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Thermochemical Energy Storage Based on Carbonates: A Brief Overview

Materials and Sustainability Group, Department of Engineering, Universidad Loyola Andalucía, Av. de las Universidades s/n, Dos Hermanas, 41704 Sevilla, Spain
Energies 2021, 14(14), 4336;
Received: 10 June 2021 / Revised: 10 June 2021 / Accepted: 28 June 2021 / Published: 19 July 2021
(This article belongs to the Special Issue Thermochemical Energy Storage Based on Carbonates)
Energy storage is becoming one of the main challenges facing the massive integration of Variable Renewable Energy (VRE) in the coming years. Solar Photovoltaics (PVs) and wind plants are undergoing enormous development, and they are leading the transition to a renewable energy mix. Given its intrinsic variable nature, a huge need for energy storage is expected in the coming decades. Efficient, cost-effective, and scalable energy storage systems stand as one of the main technological challenges for the massive deployment of renewable energies.
High-temperature Thermal Energy Storage (TES) systems have undergone great synergistic development together with Concentrating Solar Power (CSP) plants, although the potential of TES includes integration with other types of technologies, such as Pumped Thermal Energy Storage (PTES) or even their integration to store electrical energy. The market for high-temperature thermal storage is largely led by molten salt-based systems. Despite its maturity and acceptable performance, molten salt energy storage presents several drawbacks, related to corrosiveness, limitation of the maximum working temperature to avoid salt degradation (which limits the efficiency of the power cycle), limitation of the minimum working temperature to avoid salt solidification, as well as an elevated cost (~USD 900/ton). Thermochemical Energy Storage (TCES) is an attractive alternative to molten salt systems.
TCES is based on reversible chemical reactions. Energy is provided (storage step) to carry out an endothermic reaction, and, once this has taken place, the products are stored. When energy is demanded, the stored materials are promoted to react according to the reverse reaction (exothermic), releasing in this way the stored energy. Among the potential TCES, the metal carbonate-based system is one of the most promising alternatives due to its high-turning temperature, high-energy density, and usually the low price of the raw materials. The most well-established system is the one based on calcium carbonate (CaCO3/CaO), in the so-called Calcium-Looping (CaL) process [1], although there are other interesting alternatives based on barium carbonate [2], strontium carbonate [3] or magnesium carbonate [4].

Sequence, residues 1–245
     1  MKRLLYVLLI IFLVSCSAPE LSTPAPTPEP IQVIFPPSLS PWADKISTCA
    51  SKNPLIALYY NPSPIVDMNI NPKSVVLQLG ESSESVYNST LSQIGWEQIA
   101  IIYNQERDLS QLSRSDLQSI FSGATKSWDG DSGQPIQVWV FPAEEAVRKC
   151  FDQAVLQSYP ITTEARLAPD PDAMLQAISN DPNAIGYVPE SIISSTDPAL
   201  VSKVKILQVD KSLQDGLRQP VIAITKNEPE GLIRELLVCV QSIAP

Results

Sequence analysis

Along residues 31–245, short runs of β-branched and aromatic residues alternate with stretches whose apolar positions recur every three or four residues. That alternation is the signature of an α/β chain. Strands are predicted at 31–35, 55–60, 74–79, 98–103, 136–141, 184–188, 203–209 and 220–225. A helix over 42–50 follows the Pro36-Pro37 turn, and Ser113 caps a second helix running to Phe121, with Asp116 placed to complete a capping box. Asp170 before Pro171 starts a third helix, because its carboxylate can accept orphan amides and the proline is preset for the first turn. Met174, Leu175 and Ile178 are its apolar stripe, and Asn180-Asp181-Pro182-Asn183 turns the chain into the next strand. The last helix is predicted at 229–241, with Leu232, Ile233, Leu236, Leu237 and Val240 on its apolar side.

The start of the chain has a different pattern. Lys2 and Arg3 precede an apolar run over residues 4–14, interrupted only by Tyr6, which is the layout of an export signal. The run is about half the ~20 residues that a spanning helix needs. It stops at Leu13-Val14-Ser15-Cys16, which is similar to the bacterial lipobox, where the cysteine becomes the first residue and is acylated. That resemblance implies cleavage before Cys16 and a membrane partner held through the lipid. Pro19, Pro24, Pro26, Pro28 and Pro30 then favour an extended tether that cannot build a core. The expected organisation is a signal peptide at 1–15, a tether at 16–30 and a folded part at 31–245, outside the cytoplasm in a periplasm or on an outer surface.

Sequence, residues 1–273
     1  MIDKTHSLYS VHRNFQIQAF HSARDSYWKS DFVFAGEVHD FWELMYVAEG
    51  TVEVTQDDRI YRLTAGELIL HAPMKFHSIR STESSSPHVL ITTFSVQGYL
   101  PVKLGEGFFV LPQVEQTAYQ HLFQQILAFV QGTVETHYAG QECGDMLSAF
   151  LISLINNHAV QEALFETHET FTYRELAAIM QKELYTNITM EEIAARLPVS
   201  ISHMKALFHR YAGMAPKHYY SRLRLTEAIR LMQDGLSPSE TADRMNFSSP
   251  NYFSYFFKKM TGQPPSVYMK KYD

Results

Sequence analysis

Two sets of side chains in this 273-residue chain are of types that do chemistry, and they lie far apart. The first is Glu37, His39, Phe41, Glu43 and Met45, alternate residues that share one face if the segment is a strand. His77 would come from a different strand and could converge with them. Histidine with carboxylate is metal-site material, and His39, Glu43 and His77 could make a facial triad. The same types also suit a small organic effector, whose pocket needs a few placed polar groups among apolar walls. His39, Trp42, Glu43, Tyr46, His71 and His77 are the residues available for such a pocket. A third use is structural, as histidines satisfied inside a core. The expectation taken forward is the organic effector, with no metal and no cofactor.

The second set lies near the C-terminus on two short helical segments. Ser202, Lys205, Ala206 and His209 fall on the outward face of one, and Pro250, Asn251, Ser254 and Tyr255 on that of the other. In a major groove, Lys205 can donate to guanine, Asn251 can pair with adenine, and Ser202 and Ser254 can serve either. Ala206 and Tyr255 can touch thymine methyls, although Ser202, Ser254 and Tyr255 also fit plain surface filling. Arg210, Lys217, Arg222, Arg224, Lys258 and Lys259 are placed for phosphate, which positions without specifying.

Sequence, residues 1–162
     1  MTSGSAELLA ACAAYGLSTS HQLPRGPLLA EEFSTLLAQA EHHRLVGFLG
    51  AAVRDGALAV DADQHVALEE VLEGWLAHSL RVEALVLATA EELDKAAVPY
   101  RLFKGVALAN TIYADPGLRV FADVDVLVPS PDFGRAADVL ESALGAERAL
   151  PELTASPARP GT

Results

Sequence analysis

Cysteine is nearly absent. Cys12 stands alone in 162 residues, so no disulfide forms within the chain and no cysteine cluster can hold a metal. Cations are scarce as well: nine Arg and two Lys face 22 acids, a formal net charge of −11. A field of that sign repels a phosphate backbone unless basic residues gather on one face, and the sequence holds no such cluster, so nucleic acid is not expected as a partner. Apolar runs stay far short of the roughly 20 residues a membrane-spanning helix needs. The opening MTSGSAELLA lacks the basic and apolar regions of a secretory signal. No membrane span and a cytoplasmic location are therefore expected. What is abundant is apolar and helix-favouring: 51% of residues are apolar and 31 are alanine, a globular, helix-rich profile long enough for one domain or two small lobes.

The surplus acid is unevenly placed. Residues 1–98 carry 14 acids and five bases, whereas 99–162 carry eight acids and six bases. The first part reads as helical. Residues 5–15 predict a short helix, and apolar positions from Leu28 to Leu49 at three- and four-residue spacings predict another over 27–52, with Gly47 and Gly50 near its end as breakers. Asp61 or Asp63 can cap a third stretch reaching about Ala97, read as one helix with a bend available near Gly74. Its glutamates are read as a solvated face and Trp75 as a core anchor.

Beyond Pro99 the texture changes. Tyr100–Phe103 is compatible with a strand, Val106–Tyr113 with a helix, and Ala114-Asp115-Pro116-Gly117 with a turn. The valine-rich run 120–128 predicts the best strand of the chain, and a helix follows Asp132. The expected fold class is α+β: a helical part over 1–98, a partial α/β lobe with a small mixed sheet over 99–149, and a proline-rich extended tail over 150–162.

Figure 1 shows the conceptual scheme for a TCES based on carbonates. Carbonates decomposed through the endothermic calcination reaction (Equation (1)), where M generically represents Ca, Sr, Ba, etc. Calcination takes place in a solid–gas reactor, usually under near-to-ambient pressure. Most of the previous research proposed Fluidized Bed (FB) reactors due to their maturity and the high mass and heat transfer provided, although Entrained Flow (EF) reactors could be a promising alternative for the use of fine particles. The reaction temperature depends on the equilibrium CO2 partial pressure, also conditioning the temperature of the heat to be stored (i.e., CSP). Once calcination occurs, CO2 and the metal oxide are stored separately after passing through a Heat Exchanger Network (HEN) to reduce its storage temperature. The CO2 is compressed usually up to liquid state to reduce the storage volume.
MCO3(s) + ΔHr ↔ MO(s) + CO2(g)
When energy is demanded, the metal oxide and CO2 stored are sent to the carbonator (another gas–solid reactor) where carbonation occurs, releasing the stored energy for electricity production through a power cycle. Carbonation temperature is also conditioned by the CO2 equilibrium pressure. Importantly, the higher the carbonation temperature, the higher the temperature heat to be provided to the power cycle, increasing the thermal-to-electric efficiency.
Metal carbonates are promising materials due to several key advantages:
  • Carbonate systems have a high theoretical energy density, which allows for maximizing the storage capacity. It is worth highlighting, in this case, the systems based on CaCO3/CaO, SrCO3/SrO and MgCO3/MgO (~3–4 GJ/m3). These values are ~10 times higher than sensible heat storage systems (i.e., molten salts); despite this, it must be considered that the systems are more complex, requiring tanks for the storage of products (solid and gas/liquid). Thus, the real energy density of carbonate TCES systems depends on material properties, reaction efficiency and process configuration [6].